It starts with the little things. You catch your significant other humming Winter Wonderland, or fondling ornaments in the store. Perhaps you find a bit of eggnog in their cup, or that they've suddenly developed a taste for peppermints. Before you know it, their eyes radiate with a feverish gleam, and the house is festooned with tinsel. Know the symptoms of Christmas madness. Consult a health professional, or possibly an elf, if someone you know has succumbed to this seasonal delirium.
I knew it was too late for us that Friday after Thanksgiving, when Erin burst through the door like a whirlwind of good cheer. Within hours, colorful baubles and bits of toffee lay strewn in her wake, the TV was running A Christmas Story on endless repeat, and someone had started wrapping the coffee maker in festive papers. Of course, I'd caught it too.
I was surprised to learn that South Korea, as a whole, celebrates Christmas. Only about 30% of the population are Christian, but roughly 100% gets geared up for Santa and his elves. For the majority, Christmas is a secular holiday rather than a religious one, a celebration of giving and family.
You would think this would make it easy to celebrate Christmas in Korea, and it does... to a point. Unfortunately, many of the things westerners associate with this particular holiday can be difficult to acquire. So here, in case you catch the fever, I've compiled a short list of things that you can and cannot get in Korea.
Christmas Trees and Ornaments: Yes. Sort of. Go to any E-Mart or Lotte Mart, and they'll have all the fake trees your heart could want, next to a small mountain of decorations. Yes, the trees look like green pipe cleaners and yes, the ornaments are not particularly fancy or expensive, but you can get them. What you can not get are real trees. It may be possible in Seoul, but certainly not out in the country where we are.
Pumpkin / Pecan Pie: Yes... but again... sort of. Pecans are hard to come by, so making Pecan Pie yourself may be hard. However, some bakeries will sell slices of Pecan Pie. Where they got their pecans is anybody's guess. As for pumpkin, Koreans generally substitute squash. If you add a little brown sugar or honey, the taste is very similar. But I have not yet found anyone who makes squash/pumpkin pie. And if you want to make it yourself, you'd better have a supply of Evaporated Milk from home, since I've never seen it on a Korean store shelf. Sweetened Condensed? Sure. But not Evaporated.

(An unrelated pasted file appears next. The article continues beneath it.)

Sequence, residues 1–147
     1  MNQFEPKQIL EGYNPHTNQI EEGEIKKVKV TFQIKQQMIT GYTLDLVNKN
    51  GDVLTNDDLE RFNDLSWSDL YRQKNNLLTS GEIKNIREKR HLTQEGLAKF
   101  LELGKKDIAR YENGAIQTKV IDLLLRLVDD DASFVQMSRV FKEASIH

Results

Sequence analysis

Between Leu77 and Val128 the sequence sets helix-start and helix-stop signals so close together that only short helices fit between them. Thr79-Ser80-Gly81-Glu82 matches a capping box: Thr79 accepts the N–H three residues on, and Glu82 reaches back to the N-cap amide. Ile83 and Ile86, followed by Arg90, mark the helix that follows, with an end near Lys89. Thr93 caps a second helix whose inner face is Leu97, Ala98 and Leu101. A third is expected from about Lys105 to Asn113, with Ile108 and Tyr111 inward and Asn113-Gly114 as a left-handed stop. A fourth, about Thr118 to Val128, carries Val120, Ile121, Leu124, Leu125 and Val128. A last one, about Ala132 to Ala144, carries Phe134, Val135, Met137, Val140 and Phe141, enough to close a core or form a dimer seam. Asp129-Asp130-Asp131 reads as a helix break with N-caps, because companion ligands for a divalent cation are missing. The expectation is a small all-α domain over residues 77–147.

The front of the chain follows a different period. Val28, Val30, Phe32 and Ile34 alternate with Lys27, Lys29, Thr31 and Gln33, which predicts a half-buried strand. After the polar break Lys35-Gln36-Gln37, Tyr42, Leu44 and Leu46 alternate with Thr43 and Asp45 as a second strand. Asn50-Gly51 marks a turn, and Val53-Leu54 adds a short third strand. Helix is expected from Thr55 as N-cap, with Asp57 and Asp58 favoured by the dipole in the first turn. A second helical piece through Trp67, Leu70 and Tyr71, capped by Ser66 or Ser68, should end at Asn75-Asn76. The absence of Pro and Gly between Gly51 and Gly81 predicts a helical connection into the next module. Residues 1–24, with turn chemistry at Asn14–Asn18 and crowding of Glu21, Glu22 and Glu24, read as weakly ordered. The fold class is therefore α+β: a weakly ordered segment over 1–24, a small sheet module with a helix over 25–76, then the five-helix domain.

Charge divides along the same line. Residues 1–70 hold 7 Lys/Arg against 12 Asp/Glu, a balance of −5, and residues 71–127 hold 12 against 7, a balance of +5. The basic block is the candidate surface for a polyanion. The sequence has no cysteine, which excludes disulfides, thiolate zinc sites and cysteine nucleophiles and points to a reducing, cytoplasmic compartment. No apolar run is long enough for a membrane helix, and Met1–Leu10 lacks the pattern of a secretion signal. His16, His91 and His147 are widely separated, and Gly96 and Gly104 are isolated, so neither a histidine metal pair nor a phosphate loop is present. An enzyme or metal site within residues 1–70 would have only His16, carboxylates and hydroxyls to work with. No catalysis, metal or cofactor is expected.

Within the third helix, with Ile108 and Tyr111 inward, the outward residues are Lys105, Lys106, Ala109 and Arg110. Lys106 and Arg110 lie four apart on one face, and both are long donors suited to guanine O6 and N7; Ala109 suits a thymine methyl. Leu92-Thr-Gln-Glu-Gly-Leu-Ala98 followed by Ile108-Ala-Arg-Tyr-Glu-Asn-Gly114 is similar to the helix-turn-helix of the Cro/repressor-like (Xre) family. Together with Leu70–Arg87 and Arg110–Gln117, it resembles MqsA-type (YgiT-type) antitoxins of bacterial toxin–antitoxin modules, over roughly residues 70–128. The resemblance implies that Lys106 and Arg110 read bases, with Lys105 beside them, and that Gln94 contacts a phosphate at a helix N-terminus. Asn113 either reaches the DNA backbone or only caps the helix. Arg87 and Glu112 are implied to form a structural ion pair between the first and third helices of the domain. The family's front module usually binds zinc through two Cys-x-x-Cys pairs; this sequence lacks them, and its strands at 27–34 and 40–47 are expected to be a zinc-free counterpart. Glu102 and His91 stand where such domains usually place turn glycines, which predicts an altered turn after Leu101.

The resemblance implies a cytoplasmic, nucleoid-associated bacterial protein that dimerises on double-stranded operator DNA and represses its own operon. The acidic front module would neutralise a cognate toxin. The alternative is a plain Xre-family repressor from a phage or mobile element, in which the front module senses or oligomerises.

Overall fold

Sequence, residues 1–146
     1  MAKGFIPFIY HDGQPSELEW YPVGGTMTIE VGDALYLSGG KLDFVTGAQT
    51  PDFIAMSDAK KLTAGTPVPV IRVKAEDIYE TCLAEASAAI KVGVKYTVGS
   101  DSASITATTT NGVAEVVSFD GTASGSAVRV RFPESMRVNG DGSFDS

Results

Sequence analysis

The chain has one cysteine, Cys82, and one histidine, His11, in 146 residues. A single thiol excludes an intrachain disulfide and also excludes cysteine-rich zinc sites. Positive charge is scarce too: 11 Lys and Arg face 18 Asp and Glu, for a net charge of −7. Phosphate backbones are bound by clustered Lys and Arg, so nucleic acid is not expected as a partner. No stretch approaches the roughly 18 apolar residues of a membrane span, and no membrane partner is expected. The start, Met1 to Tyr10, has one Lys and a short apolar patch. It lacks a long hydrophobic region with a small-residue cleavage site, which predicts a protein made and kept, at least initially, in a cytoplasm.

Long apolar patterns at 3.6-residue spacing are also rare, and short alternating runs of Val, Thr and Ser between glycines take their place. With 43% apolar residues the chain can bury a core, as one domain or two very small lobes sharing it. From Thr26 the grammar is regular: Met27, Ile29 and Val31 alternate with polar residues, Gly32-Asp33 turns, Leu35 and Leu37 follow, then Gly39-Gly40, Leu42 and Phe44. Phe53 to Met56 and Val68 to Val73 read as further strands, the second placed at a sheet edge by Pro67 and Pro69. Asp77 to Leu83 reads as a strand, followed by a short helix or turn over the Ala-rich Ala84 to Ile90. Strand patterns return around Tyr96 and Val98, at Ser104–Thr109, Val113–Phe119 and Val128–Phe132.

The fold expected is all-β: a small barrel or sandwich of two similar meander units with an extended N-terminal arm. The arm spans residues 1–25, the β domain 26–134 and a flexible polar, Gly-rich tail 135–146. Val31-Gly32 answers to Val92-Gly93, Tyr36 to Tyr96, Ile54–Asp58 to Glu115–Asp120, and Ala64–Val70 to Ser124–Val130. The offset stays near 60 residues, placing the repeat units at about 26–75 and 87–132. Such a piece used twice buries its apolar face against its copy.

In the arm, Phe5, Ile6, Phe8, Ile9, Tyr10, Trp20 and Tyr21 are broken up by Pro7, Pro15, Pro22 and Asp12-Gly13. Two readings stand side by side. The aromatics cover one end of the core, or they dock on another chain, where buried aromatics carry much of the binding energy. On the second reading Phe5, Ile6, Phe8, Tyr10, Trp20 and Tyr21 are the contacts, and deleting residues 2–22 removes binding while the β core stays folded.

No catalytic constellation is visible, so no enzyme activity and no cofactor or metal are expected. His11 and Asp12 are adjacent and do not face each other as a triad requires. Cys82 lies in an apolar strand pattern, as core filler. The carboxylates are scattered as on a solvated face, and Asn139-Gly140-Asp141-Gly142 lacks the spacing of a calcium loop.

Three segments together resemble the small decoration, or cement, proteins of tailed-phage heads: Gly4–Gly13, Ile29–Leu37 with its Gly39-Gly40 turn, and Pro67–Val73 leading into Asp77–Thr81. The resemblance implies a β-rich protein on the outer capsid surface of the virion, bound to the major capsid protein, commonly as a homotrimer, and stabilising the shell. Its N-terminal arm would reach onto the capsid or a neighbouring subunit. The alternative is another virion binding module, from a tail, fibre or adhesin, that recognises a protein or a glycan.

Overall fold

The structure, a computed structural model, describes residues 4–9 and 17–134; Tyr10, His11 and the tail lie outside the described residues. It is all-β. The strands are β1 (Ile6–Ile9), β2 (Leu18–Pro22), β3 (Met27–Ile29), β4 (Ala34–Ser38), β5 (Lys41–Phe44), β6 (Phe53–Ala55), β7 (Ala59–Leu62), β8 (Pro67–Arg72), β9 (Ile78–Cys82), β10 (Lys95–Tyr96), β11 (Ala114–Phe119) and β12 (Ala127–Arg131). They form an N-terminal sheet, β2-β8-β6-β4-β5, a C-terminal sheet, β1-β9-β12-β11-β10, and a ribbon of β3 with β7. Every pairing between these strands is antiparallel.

Eggnog: Not unless you make it yourself, or you're living in Seoul with easy access to a western grocery.
Wrapping Paper: Yes... gobs and gobs of it, actually, though finding papers that are specifically Christmas themed may be more of a challenge. Koreans love wrapping things. They'll sell wrapping paper year round in the stationary sections of their stores.
Toffee/ Fudge/ Gingerbread: Yes and no, and again, it depends on where you are. Seoul is an international wonderland where you can find almost anything. But go anywhere else in the country, and your options are distinctly more limited. Koreans like desserts, and have a great fondness for sweets, but they would not be the sweets you'd find in America. Toffee? Not usually a thing. Gingerbread and fudge? Unheard of. And if you want to make this stuff yourself, ingredients may be hard to come by. Toffee is the easiest, but it's expensive since butter doesn't come cheap. But you'll never be able to make proper gingerbread or fudge. Marshmallow fluff and molasses are about as common as evaporated milk.
Christmas Atmosphere: Yes. Though only in certain places. Starting in December, any trendy or popular store will play carols. Major shopping malls will be festooned with Christmas decorations, and coffee shops and bakeries will cater to the season. You may see Merry Christmas signs (in English, mind you). You'll even have a few Christmas-themed commercials on TV, though they will lack the feverish intensity of American commercials. So you'll have no shortage of Christmas cheer floating around the air.
Snow: Not unless you're lucky. It doesn't snow much in South Korea, and when it does you'll more likely be annoyed by it (since shovelling and salting aren't really a thing here... get ready to go slip-sliding down the sidewalk!).
Anyway, that's all I can think of. We've had the good fortune to have parents who are kind enough to ship us many of the things we miss like evaporated milk and canned pumpkin. Even that isn't a perfect solution, since international shipping is expensive and the package will often arrive looking like someone used it for a football at some point. Our boxes have been... festively scrambled, shall I say, with bits of jelly beans embedded in torn bags of coffee. It doesn't matter though, since a taste of home is always delicious.